Britain, EU have week to find Brexit breakthrough

Britain and the European Union have less than 10 days to find a way to unlock trade talks, Irish Foreign Minister Simon Coveney said on Monday, after both sides called on the other to move their position on two of the most troublesome areas. British officials repeatedly say any deal must respect the country’s sovereignty, while the EU says the proximity of Britain to the Union means Brussels cannot hand it a trade deal similar to those it has agreed with countries such as Canada.

The trade talks resume today in Brussels after there was little movement on the most contentious areas – the so-called “level playing field” fair competition rules and fisheries, last week when the two sides missed the latest mid-November deadline. The two sides remain so far deadlocked over these two issues and have called on each other to shift position for the breakthrough needed to secure a deal and offer businesses clarity on what happens at the beginning of next year.

“We really are in the last week to 10 days of this, if there is not a major breakthrough over the next week to 10 days then I think we really are in trouble and the focus will shift to preparing for a no trade deal and all the disruption that that brings,” Coveney told Ireland’s Newstalk radio station. “I think the British government understand only too well that’s required for a deal this week, the real question is whether the political appetite is there to do it. I think we will (get a deal), that’s been my prediction for a while but I won’t be shocked if it all falls apart.”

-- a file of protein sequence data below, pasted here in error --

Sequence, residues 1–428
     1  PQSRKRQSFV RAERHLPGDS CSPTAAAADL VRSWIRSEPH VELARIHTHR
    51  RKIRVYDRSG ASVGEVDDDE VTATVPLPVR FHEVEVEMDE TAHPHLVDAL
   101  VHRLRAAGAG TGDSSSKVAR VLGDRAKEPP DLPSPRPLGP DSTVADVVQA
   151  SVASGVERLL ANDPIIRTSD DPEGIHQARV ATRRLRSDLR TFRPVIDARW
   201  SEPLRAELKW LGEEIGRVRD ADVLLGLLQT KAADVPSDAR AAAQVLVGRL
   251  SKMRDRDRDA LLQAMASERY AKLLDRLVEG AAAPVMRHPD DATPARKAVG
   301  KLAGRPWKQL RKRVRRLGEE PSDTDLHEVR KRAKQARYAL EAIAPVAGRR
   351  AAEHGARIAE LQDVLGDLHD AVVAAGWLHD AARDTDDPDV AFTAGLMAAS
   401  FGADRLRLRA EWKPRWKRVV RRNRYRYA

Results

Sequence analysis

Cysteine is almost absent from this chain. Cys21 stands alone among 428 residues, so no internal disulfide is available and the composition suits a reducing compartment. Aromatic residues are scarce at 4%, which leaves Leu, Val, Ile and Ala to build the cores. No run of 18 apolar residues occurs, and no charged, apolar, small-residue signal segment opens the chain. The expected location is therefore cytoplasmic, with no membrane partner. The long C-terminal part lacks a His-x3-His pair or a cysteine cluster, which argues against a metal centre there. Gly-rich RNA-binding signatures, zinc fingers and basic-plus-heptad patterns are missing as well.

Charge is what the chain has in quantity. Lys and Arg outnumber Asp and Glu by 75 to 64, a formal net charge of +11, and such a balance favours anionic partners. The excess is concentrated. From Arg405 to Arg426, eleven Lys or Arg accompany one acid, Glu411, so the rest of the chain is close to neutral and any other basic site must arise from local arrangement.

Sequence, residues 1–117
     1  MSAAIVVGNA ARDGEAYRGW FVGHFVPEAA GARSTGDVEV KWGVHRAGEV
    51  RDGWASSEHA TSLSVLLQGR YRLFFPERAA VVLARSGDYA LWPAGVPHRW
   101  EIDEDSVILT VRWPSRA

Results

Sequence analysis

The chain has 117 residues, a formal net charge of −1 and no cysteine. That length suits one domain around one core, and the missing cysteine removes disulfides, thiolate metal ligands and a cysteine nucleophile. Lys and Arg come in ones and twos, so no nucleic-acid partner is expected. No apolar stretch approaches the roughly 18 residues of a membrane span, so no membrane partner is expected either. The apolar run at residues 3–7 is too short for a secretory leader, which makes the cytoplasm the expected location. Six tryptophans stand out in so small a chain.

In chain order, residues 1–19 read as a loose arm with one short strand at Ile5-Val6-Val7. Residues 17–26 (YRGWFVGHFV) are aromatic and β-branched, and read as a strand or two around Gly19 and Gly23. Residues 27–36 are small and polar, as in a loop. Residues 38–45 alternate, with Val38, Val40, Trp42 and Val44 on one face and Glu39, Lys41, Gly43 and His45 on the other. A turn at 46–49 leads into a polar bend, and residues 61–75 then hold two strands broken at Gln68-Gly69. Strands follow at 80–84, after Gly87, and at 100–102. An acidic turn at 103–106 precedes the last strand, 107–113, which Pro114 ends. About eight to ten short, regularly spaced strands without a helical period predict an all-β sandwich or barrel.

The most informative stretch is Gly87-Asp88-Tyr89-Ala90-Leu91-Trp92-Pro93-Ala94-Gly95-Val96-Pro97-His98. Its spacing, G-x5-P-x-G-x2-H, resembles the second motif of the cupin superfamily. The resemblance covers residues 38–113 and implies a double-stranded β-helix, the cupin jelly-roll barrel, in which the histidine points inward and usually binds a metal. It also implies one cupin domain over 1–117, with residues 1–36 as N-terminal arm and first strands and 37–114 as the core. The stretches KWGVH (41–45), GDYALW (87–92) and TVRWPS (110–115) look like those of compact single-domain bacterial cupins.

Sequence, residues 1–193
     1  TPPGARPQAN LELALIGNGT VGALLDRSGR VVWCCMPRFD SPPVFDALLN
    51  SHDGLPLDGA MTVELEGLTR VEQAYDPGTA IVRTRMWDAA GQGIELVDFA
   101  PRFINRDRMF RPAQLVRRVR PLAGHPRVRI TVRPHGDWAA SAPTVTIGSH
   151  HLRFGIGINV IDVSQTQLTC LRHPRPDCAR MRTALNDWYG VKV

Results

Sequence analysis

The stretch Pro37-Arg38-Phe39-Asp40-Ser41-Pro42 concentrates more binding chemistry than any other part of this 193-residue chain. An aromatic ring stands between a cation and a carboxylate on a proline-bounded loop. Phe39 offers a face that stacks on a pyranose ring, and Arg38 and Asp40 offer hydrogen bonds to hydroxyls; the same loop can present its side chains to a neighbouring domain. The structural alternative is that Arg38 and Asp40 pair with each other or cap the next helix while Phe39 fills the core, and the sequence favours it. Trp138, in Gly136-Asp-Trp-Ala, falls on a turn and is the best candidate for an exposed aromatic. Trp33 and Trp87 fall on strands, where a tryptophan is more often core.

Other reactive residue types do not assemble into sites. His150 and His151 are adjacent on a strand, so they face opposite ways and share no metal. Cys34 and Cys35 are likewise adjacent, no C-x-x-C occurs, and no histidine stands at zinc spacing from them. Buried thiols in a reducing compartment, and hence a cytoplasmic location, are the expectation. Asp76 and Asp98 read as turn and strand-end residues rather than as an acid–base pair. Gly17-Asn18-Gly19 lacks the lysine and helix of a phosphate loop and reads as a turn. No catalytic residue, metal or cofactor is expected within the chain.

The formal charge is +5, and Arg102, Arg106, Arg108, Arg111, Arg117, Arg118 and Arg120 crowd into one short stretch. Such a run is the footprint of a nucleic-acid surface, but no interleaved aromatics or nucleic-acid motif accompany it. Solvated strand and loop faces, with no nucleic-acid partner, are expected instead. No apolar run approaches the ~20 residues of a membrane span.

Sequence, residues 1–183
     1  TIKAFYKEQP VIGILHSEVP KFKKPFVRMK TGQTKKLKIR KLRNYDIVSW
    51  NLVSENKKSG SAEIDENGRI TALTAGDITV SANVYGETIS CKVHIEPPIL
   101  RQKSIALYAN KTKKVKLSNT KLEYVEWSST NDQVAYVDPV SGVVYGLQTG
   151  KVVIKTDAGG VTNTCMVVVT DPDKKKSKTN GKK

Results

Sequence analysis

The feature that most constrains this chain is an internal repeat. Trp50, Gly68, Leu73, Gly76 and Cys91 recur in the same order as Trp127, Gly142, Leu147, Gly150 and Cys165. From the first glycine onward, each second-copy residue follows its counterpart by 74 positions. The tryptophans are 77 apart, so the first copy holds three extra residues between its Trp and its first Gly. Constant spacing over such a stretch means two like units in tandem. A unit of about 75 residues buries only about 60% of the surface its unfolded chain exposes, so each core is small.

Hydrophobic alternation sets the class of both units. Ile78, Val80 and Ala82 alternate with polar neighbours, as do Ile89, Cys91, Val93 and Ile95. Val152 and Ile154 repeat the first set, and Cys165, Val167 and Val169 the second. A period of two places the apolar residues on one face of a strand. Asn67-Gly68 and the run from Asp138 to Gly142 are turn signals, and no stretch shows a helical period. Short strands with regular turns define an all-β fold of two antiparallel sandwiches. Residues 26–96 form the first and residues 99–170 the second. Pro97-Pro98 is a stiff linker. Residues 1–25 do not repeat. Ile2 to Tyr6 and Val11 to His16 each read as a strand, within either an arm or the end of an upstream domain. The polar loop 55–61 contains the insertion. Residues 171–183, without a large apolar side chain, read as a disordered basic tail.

A senior EU diplomat, speaking on condition of anonymity, said the two sides were “still a bit too far away to be able to feel comfortable”, repeating that Britain needed to make a choice because “the timetable is very tight”. Britain’s chief negotiator, David Frost, said on Sunday there had been some progress over recent days and that the two sides had common draft treaty texts though significant elements were yet to be agreed.

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